Purpose of the Course


            Charles Darwin's On the Origin of Species by Means of Natural Selection, generally shortened to The Origin of Species, is one of the two or three most influential science books ever published.  But unlike the case with other science books, The Origin, published in 1859, is also of profound political importance.  Part of this political importance—the implications of Darwin's theory for religious explanations of the diversity of life—is well understood by all socially-aware citizens.  But there is much less awareness of the political implications of controversies within the science of evolutionary biology founded by Darwin.

     In this class I will explicate and explore both the "outside" and "inside" political implications of the science launched by the Origin, and ask the students to evaluate them.


Assigned Reading


1)  Charles Darwin,  The Origin of Species by Means of Natural Selection, first edition,

      (Barnes and Noble Classics, 2004) [first published 1859]

2)  Jerry Coyne, Why Evolution is True  (Viking, 2009)

3)  Phillip Johnson, Darwin on Trial, second edition, (InterVarsity Press, 1993)

4)  David Prindle, Stephen Jay Gould and the Politics of Evolution  (Prometheus Books,


5)  A package of readings, available online.


Grading Criteria


        There are three assignments due in this class. I may make some minor adjustments in a few of the final grades to reflect excellent class participation, but in general, each of the three assignments counts one-third of the final grade.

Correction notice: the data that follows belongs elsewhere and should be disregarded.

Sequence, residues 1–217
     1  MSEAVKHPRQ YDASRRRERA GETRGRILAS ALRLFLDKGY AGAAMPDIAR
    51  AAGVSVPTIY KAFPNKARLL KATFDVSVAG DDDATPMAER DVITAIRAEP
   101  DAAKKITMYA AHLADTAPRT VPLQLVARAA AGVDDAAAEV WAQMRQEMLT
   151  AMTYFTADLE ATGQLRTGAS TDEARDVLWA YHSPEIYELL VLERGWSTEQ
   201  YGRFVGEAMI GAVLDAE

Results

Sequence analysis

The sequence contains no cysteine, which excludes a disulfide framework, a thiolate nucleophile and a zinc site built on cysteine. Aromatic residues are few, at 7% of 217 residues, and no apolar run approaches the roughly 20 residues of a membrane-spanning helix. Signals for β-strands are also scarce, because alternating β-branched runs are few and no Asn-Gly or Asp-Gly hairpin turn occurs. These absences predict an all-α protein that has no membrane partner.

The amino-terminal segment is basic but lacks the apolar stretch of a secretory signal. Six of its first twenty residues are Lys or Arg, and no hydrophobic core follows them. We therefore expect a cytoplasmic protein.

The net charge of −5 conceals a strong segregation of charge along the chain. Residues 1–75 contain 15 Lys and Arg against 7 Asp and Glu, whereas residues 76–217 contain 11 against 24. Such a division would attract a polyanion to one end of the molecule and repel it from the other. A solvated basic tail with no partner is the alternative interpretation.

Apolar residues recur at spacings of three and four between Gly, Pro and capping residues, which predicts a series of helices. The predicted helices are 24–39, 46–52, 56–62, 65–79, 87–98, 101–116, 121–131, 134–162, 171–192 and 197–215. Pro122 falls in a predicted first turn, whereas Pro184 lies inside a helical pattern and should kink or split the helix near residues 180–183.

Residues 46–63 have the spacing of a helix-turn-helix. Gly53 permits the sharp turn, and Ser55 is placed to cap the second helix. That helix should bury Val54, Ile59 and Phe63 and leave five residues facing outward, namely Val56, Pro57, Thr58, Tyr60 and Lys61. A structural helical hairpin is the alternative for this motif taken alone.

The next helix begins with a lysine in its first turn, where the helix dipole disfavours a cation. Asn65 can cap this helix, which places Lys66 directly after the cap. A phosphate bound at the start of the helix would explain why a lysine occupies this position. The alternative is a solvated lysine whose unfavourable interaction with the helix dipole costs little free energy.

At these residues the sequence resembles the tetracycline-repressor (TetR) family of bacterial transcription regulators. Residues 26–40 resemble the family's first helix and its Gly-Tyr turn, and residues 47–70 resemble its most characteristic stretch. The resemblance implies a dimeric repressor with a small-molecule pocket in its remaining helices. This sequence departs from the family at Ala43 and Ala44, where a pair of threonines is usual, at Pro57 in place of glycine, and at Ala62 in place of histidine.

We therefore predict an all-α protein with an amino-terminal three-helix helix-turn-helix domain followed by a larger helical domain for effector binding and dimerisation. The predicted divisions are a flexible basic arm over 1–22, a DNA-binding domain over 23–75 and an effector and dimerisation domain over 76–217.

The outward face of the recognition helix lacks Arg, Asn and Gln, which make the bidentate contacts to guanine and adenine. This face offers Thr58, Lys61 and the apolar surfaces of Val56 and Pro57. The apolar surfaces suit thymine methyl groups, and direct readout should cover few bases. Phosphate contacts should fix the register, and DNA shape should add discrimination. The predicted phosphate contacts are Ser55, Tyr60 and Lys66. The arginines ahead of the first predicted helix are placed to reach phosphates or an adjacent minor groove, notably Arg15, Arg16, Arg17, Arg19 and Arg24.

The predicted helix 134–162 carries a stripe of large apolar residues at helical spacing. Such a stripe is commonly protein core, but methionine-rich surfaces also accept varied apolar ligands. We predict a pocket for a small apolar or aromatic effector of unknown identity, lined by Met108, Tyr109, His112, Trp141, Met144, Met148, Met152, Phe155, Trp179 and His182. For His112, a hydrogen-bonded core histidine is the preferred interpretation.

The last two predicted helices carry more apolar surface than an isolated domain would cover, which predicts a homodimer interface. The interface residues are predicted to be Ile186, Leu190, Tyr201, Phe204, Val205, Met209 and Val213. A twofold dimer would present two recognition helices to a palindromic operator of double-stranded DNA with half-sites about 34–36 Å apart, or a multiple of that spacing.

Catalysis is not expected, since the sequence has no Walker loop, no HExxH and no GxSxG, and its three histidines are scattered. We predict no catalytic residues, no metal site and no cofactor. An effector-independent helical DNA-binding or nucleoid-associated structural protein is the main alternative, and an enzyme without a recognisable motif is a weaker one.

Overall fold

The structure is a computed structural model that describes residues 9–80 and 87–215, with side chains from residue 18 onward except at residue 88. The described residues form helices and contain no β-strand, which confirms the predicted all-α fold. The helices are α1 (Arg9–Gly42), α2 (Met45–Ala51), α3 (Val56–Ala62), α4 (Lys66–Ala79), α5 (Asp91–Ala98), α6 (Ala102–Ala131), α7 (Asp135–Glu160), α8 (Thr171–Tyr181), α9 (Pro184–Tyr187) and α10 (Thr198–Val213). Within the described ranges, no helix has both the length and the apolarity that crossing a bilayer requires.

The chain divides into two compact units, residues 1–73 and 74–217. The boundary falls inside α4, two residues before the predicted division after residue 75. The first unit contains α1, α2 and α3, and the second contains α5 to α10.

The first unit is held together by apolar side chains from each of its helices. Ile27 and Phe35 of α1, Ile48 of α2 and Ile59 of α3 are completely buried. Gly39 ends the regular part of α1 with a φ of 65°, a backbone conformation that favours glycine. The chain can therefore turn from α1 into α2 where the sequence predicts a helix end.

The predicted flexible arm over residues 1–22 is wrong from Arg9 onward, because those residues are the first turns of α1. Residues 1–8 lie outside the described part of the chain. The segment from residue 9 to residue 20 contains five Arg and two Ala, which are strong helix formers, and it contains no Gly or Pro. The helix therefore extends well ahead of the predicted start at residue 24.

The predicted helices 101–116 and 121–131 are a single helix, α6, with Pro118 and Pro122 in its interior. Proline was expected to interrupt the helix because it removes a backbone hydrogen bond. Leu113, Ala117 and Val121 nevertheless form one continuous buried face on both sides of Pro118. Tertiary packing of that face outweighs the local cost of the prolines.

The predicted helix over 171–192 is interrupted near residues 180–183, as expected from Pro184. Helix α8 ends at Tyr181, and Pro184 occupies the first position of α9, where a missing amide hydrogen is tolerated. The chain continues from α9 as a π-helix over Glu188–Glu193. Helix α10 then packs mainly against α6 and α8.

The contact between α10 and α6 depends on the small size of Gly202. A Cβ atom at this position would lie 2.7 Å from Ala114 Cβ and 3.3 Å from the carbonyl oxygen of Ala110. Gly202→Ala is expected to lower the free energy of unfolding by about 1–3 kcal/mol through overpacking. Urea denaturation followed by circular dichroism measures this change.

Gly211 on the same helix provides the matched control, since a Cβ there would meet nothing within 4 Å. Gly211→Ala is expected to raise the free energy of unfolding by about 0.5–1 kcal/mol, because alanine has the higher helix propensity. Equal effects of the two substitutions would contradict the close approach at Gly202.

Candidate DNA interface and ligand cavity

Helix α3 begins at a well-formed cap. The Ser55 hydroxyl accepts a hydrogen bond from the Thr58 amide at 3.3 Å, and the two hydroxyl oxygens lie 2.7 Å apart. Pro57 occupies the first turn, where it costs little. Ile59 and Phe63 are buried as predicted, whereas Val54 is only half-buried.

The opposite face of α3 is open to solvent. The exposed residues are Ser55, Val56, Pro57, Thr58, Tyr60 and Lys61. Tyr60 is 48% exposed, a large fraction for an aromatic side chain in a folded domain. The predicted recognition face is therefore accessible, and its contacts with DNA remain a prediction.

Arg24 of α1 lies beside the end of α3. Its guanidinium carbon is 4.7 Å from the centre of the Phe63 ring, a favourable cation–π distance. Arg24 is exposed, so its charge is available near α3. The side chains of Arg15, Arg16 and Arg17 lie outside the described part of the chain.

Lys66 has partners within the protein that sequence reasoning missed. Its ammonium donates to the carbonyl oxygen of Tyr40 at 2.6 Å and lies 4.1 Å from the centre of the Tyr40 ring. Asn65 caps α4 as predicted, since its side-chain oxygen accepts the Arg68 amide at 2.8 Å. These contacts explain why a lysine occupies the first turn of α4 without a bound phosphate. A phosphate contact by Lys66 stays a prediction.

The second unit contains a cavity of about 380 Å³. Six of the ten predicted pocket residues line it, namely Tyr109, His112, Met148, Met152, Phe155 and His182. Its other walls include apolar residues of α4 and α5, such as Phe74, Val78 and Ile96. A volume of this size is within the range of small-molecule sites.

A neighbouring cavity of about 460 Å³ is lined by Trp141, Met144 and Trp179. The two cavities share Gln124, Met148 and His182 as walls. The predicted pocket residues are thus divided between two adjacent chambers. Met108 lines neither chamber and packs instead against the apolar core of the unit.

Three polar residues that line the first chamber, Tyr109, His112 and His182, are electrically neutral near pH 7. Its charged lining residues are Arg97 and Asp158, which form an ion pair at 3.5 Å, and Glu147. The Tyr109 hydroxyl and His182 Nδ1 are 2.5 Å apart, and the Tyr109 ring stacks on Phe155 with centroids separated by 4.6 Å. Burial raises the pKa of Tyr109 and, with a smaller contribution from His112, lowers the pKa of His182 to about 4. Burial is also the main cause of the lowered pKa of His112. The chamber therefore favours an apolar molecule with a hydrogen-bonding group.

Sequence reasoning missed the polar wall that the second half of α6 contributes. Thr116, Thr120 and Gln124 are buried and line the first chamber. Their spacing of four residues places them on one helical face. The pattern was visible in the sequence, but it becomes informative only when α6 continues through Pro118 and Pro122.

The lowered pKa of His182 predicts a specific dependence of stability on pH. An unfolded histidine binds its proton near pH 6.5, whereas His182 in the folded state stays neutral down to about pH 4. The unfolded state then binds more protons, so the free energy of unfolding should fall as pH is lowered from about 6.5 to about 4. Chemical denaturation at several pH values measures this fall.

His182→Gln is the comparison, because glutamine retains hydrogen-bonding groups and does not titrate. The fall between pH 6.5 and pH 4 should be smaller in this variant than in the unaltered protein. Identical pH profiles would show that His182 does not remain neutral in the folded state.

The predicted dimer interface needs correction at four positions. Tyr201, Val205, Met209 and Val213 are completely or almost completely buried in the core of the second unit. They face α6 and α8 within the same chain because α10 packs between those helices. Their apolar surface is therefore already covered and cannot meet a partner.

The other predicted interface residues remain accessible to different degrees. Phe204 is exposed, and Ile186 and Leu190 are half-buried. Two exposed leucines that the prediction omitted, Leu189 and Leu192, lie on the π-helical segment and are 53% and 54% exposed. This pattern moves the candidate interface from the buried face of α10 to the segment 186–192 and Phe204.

For your three assignments, you may choose to write two essays and take one test, or take two tests and write one essay.  It is up to you to decide how you mix the tests and essays, and in what order you choose to do them.  You may not, however, "load up" by turning in an essay at the same time that you take a test, thus getting two‑thirds of the assignments out of the way on the same day.

            At the end of the semester, an average of 92.3 or higher will earn an "A,", 90 to 92 will earn an “A-,” 88 to 89.7 will earn a “B+,” 82.3 to 87.7 will earn a "B," 80 to 82 will earn a "B-," 78 to 79.7 will earn a "C+," 62.3 to 77.7 will earn a "C," 60 to 62 will earn a "C-," and 50 to 59.7 will earn a "D."  People who have missed one or more of the three assignments, or who average below 50, will receive an “F.” 





            Student are able to enroll in this class through two channels.  First, Government majors who are eligible for upper-division standing may enroll through the usual departmental processes.  Second, students who are participating in the Thomas Jefferson Center’s “great books” program (officially, CTI in the catalogue), may enroll in the class through that program.

CTI 375 • History Of Rome: The Empire

33180 • Riggsby, Andrew M
Meets TTH 1100am-1230pm WAG 101
(also listed as AHC 325, HIS 321)
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This class will cover the story of the Roman empire from the death of Caesar to the fall of Rome in A.D. 476.  After working our way through the narrative of this period (about half th semester), we will examine a number of topics that cut across time.  The course will touch on politics, law, war, the economy, social classes, gender, and psychopathic emperors.